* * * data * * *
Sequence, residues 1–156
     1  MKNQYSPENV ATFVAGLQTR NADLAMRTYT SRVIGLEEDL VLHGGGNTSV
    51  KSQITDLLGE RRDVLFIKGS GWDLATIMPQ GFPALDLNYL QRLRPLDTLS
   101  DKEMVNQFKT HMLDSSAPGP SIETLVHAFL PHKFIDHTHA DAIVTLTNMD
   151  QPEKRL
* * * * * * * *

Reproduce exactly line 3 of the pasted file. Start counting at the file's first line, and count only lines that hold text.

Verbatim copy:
    51  KSQITDLLGE RRDVLFIKGS GWDLATIMPQ GFPALDLNYL QRLRPLDTLS